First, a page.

Stage Fright (1950)
As another lesser known Hitchcock, this movie is less suspense and more mystery. We know that there’s something missing but we don’t know what. Aspiring actress Eve Gill (Jane Wyman) is hopelessly in love with the undeserving Jon Cooper (Richard Todd), who is hopelessly in love with Charlotte Inwood, (Marlene Dietrich). The movie opens with Eve driving Jon in what appears to be a “getaway car.” Jon then gives Eve the lowdown, and the audience views his flashback. Long story short, Charlotte killed her husband. She comes to Jon for help with blood on her dress. Jon is now the police’s lead suspect. Eve brings Jon to her father’s house to hide out for the time being. Her father suspects foul play on Charlotte’s part, insisting that the blood was deliberately placed on her dress (Jon still had it with him). Eve decides to investigate.
For the sake of brevity, I’ll speed up the pace here. Eve worms her way into working as Charlotte’s temporary maid hoping to squeeze a confession out of her to clear Jon’s name. She becomes confused when she begins to have feelings for Investigator Wilfred “Ordinary” Smith (Michael Wilding). There are some entertaining middle scenes, but Marlene Dietrich is the selling point. The word that comes to mind when thinking of Dietrich is presence. You could be in a room full of hundreds of people and Marlene Dietrich would stand out like red on white. The instant she comes on screen the mood shifts – it’s all about her now. She commands your attention without saying a word.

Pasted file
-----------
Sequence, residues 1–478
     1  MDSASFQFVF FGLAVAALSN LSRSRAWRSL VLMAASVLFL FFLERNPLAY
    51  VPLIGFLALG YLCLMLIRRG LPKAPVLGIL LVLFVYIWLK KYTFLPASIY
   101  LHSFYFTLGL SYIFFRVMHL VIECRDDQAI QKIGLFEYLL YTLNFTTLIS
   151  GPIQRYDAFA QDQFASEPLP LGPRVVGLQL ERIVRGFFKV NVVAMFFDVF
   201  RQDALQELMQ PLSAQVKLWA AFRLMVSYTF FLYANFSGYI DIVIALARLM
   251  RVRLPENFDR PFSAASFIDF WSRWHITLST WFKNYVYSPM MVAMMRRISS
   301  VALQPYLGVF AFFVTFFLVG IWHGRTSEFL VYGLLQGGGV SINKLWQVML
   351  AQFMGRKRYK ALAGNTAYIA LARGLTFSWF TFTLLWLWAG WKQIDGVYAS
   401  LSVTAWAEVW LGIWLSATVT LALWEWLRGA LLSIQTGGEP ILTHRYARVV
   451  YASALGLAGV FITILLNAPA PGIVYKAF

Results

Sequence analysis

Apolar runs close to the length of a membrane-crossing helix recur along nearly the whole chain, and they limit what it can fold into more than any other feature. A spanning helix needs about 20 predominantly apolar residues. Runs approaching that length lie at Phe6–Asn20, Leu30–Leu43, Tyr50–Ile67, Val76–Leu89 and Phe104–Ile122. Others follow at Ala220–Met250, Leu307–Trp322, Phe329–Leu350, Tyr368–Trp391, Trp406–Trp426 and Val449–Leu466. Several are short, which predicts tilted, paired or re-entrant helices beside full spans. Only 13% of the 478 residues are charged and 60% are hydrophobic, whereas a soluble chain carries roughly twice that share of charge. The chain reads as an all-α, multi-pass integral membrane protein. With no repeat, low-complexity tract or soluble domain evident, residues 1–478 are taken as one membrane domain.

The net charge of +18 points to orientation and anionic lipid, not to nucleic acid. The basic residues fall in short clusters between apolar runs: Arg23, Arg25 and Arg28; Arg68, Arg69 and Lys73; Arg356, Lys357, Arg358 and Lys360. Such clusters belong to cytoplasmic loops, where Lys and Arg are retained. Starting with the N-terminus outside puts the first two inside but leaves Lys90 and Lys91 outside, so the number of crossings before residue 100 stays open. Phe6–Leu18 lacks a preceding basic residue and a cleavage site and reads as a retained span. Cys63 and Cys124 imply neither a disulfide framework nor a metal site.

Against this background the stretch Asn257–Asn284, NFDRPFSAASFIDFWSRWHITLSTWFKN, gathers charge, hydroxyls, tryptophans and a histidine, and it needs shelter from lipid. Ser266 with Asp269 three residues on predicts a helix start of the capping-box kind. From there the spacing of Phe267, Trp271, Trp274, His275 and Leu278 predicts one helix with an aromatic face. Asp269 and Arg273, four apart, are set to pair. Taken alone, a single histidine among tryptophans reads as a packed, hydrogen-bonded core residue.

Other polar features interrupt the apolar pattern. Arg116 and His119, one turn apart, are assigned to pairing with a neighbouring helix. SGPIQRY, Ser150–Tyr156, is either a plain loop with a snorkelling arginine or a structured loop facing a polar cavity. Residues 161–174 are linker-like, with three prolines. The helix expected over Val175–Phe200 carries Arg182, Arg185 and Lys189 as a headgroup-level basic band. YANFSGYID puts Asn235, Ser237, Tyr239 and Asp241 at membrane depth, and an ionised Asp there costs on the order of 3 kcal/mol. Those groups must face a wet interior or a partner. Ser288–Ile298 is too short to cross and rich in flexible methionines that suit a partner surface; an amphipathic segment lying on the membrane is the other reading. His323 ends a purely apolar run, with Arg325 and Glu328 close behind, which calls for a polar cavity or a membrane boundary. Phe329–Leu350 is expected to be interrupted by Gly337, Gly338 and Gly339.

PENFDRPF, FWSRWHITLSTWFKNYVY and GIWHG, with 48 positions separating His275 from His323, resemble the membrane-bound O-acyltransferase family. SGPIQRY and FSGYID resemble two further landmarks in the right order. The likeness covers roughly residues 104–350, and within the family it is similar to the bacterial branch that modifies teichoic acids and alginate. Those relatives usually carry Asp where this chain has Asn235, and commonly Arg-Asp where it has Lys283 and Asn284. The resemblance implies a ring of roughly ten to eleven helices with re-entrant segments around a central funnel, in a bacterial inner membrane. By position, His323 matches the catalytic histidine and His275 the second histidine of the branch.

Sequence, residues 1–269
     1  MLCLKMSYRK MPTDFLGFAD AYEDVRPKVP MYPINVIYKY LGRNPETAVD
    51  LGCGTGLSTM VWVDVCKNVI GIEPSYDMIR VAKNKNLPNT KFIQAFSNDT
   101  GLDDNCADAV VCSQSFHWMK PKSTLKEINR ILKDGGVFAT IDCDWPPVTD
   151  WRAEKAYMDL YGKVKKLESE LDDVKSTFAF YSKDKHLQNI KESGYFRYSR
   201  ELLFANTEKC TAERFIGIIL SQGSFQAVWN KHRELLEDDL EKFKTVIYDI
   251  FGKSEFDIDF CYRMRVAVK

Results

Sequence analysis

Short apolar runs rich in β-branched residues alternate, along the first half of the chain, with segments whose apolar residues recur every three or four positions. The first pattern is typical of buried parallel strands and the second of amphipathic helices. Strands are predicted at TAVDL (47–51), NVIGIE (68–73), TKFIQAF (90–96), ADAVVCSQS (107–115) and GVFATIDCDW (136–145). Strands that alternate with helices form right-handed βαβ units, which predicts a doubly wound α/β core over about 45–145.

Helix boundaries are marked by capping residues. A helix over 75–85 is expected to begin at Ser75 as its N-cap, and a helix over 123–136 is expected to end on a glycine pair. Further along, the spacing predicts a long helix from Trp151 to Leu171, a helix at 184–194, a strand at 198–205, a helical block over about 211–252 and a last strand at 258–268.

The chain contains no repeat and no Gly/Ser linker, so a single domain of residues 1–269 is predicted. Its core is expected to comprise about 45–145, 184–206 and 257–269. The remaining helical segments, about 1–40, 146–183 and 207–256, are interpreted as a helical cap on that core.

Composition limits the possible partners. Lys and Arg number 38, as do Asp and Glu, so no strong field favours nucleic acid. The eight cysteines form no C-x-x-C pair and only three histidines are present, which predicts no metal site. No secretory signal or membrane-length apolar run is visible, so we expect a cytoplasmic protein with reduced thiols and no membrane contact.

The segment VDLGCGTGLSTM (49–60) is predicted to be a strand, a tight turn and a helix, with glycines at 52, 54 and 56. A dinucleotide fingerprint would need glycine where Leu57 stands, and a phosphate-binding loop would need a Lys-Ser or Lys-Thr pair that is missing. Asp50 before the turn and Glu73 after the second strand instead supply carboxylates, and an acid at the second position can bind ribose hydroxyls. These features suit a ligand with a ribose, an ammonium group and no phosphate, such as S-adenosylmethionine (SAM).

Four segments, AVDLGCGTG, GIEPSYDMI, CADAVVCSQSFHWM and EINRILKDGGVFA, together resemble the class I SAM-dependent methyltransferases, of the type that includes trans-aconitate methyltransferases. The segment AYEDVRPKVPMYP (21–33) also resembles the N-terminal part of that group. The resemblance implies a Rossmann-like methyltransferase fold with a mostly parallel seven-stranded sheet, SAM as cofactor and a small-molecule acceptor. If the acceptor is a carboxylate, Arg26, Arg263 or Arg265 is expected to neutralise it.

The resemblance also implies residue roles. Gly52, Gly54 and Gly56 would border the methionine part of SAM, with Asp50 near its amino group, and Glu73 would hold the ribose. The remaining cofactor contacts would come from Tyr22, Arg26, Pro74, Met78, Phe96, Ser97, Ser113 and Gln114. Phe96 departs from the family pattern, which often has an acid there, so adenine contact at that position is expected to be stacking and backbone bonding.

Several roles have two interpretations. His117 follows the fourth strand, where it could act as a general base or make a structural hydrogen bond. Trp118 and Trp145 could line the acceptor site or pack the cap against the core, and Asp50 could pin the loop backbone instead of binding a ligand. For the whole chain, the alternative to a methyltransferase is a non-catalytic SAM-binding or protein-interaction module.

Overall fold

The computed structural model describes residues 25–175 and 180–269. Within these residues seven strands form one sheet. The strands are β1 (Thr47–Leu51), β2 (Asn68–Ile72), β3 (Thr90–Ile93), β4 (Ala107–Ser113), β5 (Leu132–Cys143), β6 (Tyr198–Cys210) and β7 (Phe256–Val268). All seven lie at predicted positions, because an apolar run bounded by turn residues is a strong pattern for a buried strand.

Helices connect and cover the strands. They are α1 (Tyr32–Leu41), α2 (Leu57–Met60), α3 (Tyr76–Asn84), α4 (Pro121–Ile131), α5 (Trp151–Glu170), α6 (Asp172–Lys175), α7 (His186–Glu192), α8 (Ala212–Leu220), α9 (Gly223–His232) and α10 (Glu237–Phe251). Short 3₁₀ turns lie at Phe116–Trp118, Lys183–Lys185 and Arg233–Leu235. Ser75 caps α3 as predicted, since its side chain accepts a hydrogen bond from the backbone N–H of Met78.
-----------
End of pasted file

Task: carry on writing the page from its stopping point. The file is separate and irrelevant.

I can’t write this review without spoilers. It’s nothing but an ordinary Hitch until the end. You could say it’s an atypical Hitch because we don’t know the end… until the end! For its time it’s fantastic. Flashbacks are supposed to be gospel! He cheated! I have to admit, even I was surprised the first time. Turns out the Jon did indeed kill Charlotte’s husband… what we saw was a lie. Many were upset by this at its release, but I think it’s awesome. What started as nothing more than a good story with good acting turned into something unique. Hitchcock has no boundaries, and I love it.
The other elements of this movie pale in comparison to its twist ending, but they are commendable nonetheless. The entire cast gives good performances. The dialogue is entertaining, and Hitchcock’s staple humor adds fun color to the mystery. I have to laugh at Patricia Hitchcock’s cameo – who would place their daughter in their film and name her “Chubby?” Sad, sad days…
Much like I Confess, this lesser known should get more attention. 8/10